Having begun my career decades ago as a print journalist I have long had an affinity for newspapers.  And like many others, have been saddened at their demise in recent years, especially the impact this has had on the number of reporters and the lack of in-depth journalism as a consequence.

Still I spend a lot of time scanning newspapers and picking up occasional insight.

For instance, here is a story about a recent Gadsden City school board meeting that reeks of irony.

As happens from time to time, local school boards get fractious and want to make changes.  So it is in Gadsden these days.  This is one of the school systems in state school board member Mary Scott Hunter’s district and she attended a recent board meeting.  This is good.  State board members should be as visible as possible in their districts.

Hunter, who has announced she is running for Lt. Governor, spoke to the Gadsden board.  According to the Gadsden Times her comments included:

“Hunter said she would advise the board to settle down — not to do anything precipitous, not to undermine the public’s trust.

“Hunter said she had no authority over the board, and did not seek any. Still, she said, she wanted to encourage good behavior on the board — good boardsmanship and compliance with the rules.”

But in light of her own performance on the state board in the last year, these comments ring very hollow.  After all, Hunter played a pivotal role in bringing Mike Sentance to Alabama as state school superintendent.  A move that has nearly destroyed the public’s trust in the state board.

As our last survey of more than 700 people showed, 65 percent of respondents gave the state board a letter grade of either D or F, while 86 percent gave Mike Sentance a D or F.

And there is the matter of a pending law suit brought against four employees of the Alabama department of education–and Hunter–for how business was conducted during last summer’s superintendent search.  In fact, when Hunter testified before a legislative committee about what happened, she told them I did not know the rules.”

No wonder “The pot calling the kettle black” comes to mind.

Then there is this article from The Decatur Daily about an on-gong debate about graduation rates.

Several weeks ago the state department released graduation rates for local school systems that were incorrect.  Not only were they incorrect, but they were released at 4 p.m. on a Friday prior to a state holiday the following Monday.  This set off a media firestorm across the state and caused numerous problems for local superintendents who were contacted about data they knew nothing about.

Of course, the fact that the state released data that did not agree with data local systems had sent them was very troubling, but equally so was the timing of the release of the data.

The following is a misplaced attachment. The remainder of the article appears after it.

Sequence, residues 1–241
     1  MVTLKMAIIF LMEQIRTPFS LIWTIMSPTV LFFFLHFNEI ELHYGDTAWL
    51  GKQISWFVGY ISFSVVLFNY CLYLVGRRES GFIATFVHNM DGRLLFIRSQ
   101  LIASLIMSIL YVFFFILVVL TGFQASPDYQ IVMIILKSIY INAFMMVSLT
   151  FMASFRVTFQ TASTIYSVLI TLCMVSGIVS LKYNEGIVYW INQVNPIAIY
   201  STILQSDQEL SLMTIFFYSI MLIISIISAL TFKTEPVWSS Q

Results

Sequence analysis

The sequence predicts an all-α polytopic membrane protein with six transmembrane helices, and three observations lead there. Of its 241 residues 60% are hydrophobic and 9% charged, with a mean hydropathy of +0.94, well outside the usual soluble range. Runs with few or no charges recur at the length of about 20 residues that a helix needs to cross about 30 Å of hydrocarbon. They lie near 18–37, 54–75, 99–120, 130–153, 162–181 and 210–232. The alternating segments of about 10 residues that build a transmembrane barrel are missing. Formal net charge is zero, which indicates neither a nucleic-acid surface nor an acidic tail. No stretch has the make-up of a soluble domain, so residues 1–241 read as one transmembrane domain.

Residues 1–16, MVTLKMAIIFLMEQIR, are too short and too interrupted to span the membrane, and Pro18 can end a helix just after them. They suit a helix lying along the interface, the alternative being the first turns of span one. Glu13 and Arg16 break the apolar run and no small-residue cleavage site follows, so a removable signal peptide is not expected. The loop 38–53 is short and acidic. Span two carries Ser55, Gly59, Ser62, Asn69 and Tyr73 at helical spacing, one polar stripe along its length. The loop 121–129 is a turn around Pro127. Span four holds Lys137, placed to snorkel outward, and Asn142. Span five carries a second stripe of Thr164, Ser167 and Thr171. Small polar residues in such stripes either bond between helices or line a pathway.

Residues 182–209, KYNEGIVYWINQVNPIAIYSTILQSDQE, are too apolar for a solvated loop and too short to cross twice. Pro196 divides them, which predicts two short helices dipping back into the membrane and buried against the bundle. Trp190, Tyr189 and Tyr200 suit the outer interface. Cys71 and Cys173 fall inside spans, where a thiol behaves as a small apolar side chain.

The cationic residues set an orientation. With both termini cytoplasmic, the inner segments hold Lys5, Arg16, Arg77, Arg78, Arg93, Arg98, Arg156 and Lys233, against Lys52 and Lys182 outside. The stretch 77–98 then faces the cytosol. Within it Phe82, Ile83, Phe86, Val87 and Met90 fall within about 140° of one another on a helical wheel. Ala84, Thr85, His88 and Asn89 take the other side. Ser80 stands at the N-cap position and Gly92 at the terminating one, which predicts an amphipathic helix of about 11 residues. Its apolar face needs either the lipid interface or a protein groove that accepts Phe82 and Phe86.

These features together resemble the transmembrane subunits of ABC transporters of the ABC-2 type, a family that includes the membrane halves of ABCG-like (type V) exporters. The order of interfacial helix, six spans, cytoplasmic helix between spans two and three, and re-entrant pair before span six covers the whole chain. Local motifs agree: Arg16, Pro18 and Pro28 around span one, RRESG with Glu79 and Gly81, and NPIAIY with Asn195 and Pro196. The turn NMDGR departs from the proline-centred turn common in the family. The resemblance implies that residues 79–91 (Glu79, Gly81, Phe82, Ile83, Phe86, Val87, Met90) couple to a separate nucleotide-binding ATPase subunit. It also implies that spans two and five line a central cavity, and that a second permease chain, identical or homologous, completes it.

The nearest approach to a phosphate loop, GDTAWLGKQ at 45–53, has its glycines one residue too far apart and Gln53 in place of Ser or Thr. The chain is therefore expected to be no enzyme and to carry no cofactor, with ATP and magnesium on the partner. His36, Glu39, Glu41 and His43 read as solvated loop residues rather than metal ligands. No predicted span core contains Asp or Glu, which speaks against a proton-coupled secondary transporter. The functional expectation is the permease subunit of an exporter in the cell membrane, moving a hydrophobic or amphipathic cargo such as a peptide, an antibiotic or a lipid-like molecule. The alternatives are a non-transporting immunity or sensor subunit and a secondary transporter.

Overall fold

The state school board immediately asked that Mike Sentance and his staff determine what when wrong.  Board vice-chair Yvette Richardson told Sentance that she wanted to know who hit the “send” button and who told them to do it.

So as seems to be customary for those in Montgomery these days, they immediately rounded up a consultant to do an investigation rather than someone internally asking some questions to get to the bottom of this mess.

Here is what Dee Fowler, chief of staff, had to say at the June 8 board work session:

I wish I could say to you today it is all done and here it is,” Dee Fowler, department chief of staff, told State Board of Education members Thursday afternoon. “This is something we said at our last meeting we would run to ground. … That hasn’t changed.”

In other words, hurry up and wait while we spend money on another consultant to do a job that should have been done weeks ago internally.

Reporter Mary Sell also questioned Sentance about this situation.  He said:

“Asked after the meeting if anyone has been fired over the error, Sentance said no, “But changes have been made.” He wouldn’t comment further on personnel matters.”

He conveniently forgot to mention that longtime state department employee and former Troy City school system superintendent Linda Felton-Smith was put on administrative leave shortly after the incident and has since retired with 41 years of service.  The consensus of superintendents around the state is that Felton-Smith was thrown under the bus by Sentance and because she is a former superintendent, she would not have played a role in releasing this data late on a Friday unless someone directed her to do so.

I will keep reading the newspapers, knowing full well that much of what is reported, through no fault of the reporter writing it, is only at best partially true.